Getting tested for Coeliac now is easy, but it is crucial that you get tested if you do think you have Coeliac. Coeliac is a serious disease with lifelong implications so the earlier you can get onto it, the better! If you think you could have Coeliac go and see your regular GP. They can arrange a gene test and blood test but the best option is to get them to refer you to a gastroenterologist specialist you can organise a colonoscopy and small bowel biopsy. The only downside of getting tested is that you have to eat gluten regularly for at least 6 weeks prior to the testing (at least 4 slices of bread for adults and 2 for children), otherwise the results will be unclear and inconclusive. For those already following a gluten free diet this may be a challenge (it is said there are over half a million Australians currently sticking to a gluten free diet) but it is worth it to get the definitive results before you completely cut it out! Although the removal of gluten and wheat products from your diet may make you feel better, it doesn't necessarily mean that you are Coeliac - you may just have a Non-Coeliac Sensitivity so it is definitely worth getting tested!!
Lucky being Coeliac in Australia, the UK and USA now days is quite easy. Most restaurants and cafes provide gluten free options (just be sure to let them know you do have Coeliac before you order) and the range of gluten free products are taking over supermarket shelves. There are many cookbooks and online resources for gluten free cooking making it easy to enjoy all your favourite foods at home. My cookbook, the Kenkō Kitchen Cookbook is completely gluten free with over 93 recipes to keep your tummy happy and healthy and it is now available from all good bookstores and department stores across Australia as well as online across the USA and will be released this April in the UK.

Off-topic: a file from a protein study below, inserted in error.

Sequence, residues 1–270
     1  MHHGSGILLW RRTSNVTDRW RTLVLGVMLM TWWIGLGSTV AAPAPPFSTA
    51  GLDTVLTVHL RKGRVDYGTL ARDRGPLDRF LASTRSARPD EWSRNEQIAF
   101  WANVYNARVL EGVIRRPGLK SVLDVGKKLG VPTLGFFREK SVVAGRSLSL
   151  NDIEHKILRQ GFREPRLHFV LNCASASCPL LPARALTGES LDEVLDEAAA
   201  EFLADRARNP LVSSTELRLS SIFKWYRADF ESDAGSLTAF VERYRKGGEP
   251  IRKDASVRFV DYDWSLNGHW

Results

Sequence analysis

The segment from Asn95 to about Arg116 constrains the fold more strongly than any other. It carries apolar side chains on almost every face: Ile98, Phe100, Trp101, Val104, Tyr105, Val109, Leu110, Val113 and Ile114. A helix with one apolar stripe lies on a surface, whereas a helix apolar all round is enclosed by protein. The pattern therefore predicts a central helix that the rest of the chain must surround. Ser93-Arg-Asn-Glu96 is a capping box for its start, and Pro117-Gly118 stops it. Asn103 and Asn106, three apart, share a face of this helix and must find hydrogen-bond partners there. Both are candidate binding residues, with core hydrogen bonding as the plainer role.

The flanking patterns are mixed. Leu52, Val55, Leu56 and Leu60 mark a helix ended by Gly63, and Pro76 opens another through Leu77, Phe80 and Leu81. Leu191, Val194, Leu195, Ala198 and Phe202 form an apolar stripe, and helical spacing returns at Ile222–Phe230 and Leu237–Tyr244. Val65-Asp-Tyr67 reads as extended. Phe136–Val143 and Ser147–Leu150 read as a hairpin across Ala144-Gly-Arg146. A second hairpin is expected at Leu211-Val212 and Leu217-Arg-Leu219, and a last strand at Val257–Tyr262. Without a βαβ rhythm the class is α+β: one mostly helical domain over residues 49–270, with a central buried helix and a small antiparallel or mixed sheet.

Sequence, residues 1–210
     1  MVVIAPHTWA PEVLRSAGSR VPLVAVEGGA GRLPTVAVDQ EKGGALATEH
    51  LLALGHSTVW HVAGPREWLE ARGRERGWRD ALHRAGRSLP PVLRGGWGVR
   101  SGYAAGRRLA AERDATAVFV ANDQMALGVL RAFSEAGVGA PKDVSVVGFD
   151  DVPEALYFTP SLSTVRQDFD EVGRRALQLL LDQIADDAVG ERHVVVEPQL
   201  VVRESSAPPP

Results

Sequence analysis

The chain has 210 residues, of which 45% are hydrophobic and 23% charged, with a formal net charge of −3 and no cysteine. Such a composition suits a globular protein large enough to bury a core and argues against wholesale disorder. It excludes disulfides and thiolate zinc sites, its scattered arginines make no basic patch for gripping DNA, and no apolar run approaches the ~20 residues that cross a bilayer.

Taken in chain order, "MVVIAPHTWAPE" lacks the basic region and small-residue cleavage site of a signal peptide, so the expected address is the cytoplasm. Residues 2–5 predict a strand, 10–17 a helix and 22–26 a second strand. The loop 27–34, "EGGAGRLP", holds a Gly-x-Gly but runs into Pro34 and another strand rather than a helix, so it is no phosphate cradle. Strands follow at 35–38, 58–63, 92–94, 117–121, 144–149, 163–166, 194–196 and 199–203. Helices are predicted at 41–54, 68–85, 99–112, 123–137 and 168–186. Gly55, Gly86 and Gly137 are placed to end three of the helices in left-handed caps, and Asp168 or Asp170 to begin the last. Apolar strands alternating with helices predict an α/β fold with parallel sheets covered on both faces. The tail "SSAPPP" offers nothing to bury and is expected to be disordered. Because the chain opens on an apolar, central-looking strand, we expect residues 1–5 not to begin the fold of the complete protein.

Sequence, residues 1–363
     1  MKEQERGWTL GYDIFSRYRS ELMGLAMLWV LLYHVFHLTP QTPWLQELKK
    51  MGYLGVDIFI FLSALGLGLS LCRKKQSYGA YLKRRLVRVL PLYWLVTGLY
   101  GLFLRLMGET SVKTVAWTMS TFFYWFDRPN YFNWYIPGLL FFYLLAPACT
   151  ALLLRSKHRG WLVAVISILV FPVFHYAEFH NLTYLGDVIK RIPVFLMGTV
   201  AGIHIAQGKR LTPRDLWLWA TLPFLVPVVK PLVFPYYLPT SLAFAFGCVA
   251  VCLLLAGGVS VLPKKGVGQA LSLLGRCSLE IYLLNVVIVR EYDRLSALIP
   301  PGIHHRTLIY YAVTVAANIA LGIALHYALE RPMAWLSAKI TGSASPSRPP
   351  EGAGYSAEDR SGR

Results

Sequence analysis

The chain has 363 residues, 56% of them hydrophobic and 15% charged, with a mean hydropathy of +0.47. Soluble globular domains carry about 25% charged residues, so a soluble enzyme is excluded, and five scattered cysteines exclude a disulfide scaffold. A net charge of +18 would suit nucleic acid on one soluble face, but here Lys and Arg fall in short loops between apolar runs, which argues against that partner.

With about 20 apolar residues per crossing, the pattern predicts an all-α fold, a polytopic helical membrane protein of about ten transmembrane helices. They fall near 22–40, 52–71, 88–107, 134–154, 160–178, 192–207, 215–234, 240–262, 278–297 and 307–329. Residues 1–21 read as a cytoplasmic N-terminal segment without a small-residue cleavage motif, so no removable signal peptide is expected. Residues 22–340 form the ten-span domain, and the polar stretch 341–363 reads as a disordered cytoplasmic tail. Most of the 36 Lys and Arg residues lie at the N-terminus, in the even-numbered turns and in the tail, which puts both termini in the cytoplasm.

I will do another post on Friday for Coeliac Awareness Week, so if you have any queries or questions or suggestions send them through!
Here are a list of very helpful resources and links to read up more information on Coeliac disease:
Coeliac Australia - http://www.coeliac.org.au
Gastroenterologist Society of Australia - http://www.gesa.org.au/consumer.asp?id=45
Bupa - https://www.bupa.com.au/health-and-wellness/health-information/az-health-information/coeliac-disease
Shepherd Works - http://shepherdworks.com.au/disease-information/coeliac-disease
Better Health - http://www.betterhealth.vic.gov.au/bhcv2/bhcarticles.nsf/pages/coeliac_disease_and_gluten_sensitivity